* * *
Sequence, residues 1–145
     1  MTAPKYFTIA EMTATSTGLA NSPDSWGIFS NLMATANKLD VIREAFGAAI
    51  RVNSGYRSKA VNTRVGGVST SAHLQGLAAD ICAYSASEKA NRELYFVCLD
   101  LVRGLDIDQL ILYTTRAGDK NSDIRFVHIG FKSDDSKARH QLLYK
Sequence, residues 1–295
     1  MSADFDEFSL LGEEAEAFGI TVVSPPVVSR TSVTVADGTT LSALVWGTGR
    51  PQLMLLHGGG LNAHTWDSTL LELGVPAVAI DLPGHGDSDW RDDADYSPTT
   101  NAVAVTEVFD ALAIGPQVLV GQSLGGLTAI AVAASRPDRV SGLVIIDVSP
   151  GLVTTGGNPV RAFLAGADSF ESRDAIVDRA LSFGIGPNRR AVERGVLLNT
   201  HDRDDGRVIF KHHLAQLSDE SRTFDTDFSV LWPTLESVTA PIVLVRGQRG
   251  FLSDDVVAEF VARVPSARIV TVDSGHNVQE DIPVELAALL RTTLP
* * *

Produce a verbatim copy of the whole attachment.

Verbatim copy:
Sequence, residues 1–145
     1  MTAPKYFTIA EMTATSTGLA NSPDSWGIFS NLMATANKLD VIREAFGAAI
    51  RVNSGYRSKA VNTRVGGVST SAHLQGLAAD ICAYSASEKA NRELYFVCLD
   101  LVRGLDIDQL ILYTTRAGDK NSDIRFVHIG FKSDDSKARH QLLYK
Sequence, residues 1–295
     1  MSADFDEFSL LGEEAEAFGI TVVSPPVVSR TSVTVADGTT LSALVWGTGR
    51  PQLMLLHGGG LNAHTWDSTL LELGVPAVAI DLPGHGDSDW RDDADYSPTT
   101  NAVAVTEVFD ALAIGPQVLV GQSLGGLTAI AVAASRPDRV SGLVIIDVSP
   151  GLVTTGGNPV RAFLAGADSF ESRDAIVDRA LSFGIGPNRR AVERGVLLNT
   201  HDRDDGRVIF KHHLAQLSDE SRTFDTDFSV LWPTLESVTA PIVLVRGQRG
   251  FLSDDVVAEF VARVPSARIV TVDSGHNVQE DIPVELAALL RTTLP